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Mastering a Master

Team FIN farmer test drives an Italion-made Hurlimann tractor.

Hurlimann tractors are not just for European farmers anymore. The Hurlimann line - born in Switzerland in 1929 and now manufactured in Italy - is being distributed in North America by Amatex, based in Milwaukee, WI. It will be sold by franchised Hurlimann dealers.

The line is made by the Same Deutz-Fahr Group, which purchased the Hurlimann company in 1977. Hurlimann tractors should look familiar to American farmers because AGCO imported tractors built by Same Deutz-Fahr during most of the 90s to fill its small and midsize lines.

Top of the line. I recently tested a Hurlimann Master 6165 for Farm Industry News. The Master series is presently the top of the Hurlimann line with two models: the 6165 with 159 PTO hp and the 6190 with 183 PTO hp. Both tractors are basically the same, except that the higher horsepower model has a modified air intake manifold that allows for more air to be compressed into the cylinders. Also the internal drivetrain on that model has been beefed up.

After driving the tractor for about 40 hrs., I agree with the company's claim that it is a leader in high-technology electronics. The joystick-controlled transmission has 27 speeds - in both forward and reverse - available with a touch of a button. The tractor shifts without jerking thanks to computer-controlled engagement that senses crankshaft and ground speeds, fuel consumption, power demand and wheel slip.

The front wheel assist, when activated, also engages both front and rear differential locks. An electronic control system automatically disengages front-wheel drive above 10 mph.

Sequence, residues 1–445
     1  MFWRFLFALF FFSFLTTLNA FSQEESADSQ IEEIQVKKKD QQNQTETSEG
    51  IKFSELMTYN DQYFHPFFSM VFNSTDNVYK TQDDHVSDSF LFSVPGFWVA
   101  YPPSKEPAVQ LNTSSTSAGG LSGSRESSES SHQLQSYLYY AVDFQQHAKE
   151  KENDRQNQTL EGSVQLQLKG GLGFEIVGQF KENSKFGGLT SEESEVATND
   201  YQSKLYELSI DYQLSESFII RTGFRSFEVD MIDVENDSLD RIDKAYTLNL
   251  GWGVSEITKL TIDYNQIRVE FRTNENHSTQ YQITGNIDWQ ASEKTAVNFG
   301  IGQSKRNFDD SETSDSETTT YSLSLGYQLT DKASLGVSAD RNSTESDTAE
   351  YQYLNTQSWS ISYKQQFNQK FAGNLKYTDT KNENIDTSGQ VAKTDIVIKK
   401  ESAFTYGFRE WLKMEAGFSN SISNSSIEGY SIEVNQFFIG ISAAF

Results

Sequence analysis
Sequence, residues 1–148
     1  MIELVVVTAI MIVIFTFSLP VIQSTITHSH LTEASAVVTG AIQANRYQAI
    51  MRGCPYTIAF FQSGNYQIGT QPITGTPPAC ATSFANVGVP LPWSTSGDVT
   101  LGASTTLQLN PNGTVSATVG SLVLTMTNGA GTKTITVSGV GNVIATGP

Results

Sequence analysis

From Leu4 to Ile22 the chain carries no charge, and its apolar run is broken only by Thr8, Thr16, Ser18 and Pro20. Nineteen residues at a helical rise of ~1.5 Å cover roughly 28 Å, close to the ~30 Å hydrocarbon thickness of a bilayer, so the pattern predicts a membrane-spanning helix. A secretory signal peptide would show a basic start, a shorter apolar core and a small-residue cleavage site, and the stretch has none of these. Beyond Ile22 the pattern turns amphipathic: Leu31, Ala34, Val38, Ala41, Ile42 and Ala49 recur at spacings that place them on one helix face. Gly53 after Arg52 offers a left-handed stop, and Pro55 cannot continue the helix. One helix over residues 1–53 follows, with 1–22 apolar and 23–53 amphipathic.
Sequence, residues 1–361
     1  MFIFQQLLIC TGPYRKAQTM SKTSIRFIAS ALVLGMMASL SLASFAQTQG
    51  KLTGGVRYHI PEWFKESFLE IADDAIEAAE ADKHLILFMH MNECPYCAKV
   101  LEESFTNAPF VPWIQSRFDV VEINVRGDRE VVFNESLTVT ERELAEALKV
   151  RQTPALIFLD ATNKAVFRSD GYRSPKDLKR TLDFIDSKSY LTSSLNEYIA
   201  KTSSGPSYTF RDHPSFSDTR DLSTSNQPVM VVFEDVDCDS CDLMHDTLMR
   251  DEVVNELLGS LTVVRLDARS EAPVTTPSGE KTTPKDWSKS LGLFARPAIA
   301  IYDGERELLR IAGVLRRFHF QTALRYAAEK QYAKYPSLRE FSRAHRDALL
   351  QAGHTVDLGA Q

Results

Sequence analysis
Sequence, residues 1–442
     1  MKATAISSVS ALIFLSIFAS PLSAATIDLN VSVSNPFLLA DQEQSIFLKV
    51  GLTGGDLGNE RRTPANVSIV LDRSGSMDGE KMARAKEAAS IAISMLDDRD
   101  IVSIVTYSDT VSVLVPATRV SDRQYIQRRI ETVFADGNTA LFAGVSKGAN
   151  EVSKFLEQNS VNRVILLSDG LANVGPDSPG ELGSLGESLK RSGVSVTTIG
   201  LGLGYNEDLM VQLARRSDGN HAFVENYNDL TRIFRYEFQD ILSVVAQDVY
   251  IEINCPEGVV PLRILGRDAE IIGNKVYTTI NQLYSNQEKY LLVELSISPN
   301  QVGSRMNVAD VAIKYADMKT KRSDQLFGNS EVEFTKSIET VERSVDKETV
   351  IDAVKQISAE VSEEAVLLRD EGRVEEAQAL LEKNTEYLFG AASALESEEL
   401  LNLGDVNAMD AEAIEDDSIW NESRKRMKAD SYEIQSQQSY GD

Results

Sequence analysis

The transmission, when set in automatic mode, shifts down when power demands increase to 98% when hillsides or heavy ground patches are encountered. When power demand has fallen to 78%, the unit will automatically shift up to a preset speed or the maximum speed possible. The transmission also can be set in economy mode, in which the tractor automatically shifts up, thereby saving fuel, or manual mode, where all shifting is done by the push of a button.

The engine is electronically fuel injected. Using a keypad in the cab, the driver can preset high, low and idle rpm. A cruise control holds preselected speeds by controlling the amount of fuel injected into the engine. The 6-liter engine lacks the torque rise of the bigger Deere, Cummins and Genesis engines used in other new tractors with similar horsepower.

Cab comfort. LED bar graph gauges in the cab instantly and constantly read out percentage of engine output utilized, as well as fuel consumption per hour. A cluster of nearly two dozen dash lights warn the driver of any malfunction.

I liked the cab's Grammer air seat, but I wish the cab were wider (and more "Americanized"). The cab can be quickly tilted backwards for easy servicing and major overhauls.

More power. Another feature of this tractor is that it has more 3-pt. lift power than any MFWD made on this side of the pond. Lift capacity without assister rams is 15,432 lbs.; with the assister rams, it is 18,960 lbs.

At present, 98-in. bar axles are standard, and Unverferth has available hub extenders to mount duals. The tractor will straddle two 30-in. rows using rims from Unverferth. However, in the near future, SDF also will have 118-in. bar axles available.

List prices are approximately $95,000 for the 6165 model and $104,000 for the 6190. Amatex also has low-rate financing programs available and is developing lease plans. Contact Amatex Inc., Dept. FIN, 7075 W. Parkland Ct., Milwaukee, WI 53223, 888/988-4453.

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